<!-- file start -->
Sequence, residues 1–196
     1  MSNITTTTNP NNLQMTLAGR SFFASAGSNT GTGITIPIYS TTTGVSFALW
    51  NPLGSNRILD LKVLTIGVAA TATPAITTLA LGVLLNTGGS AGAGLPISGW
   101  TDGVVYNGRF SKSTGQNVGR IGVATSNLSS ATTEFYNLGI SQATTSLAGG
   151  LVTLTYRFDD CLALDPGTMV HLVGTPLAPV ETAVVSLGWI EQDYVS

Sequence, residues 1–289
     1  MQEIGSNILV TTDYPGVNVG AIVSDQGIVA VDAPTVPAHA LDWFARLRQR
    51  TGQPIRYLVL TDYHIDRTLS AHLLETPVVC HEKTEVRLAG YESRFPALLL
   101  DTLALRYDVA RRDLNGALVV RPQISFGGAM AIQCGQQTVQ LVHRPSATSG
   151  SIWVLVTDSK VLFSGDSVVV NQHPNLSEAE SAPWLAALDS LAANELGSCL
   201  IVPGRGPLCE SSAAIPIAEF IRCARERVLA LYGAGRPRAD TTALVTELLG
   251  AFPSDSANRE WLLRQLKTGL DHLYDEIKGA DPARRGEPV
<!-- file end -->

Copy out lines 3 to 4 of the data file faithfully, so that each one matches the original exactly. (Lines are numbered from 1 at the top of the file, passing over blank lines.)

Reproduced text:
    51  NPLGSNRILD LKVLTIGVAA TATPAITTLA LGVLLNTGGS AGAGLPISGW
   101  TDGVVYNGRF SKSTGQNVGR IGVATSNLSS ATTEFYNLGI SQATTSLAGG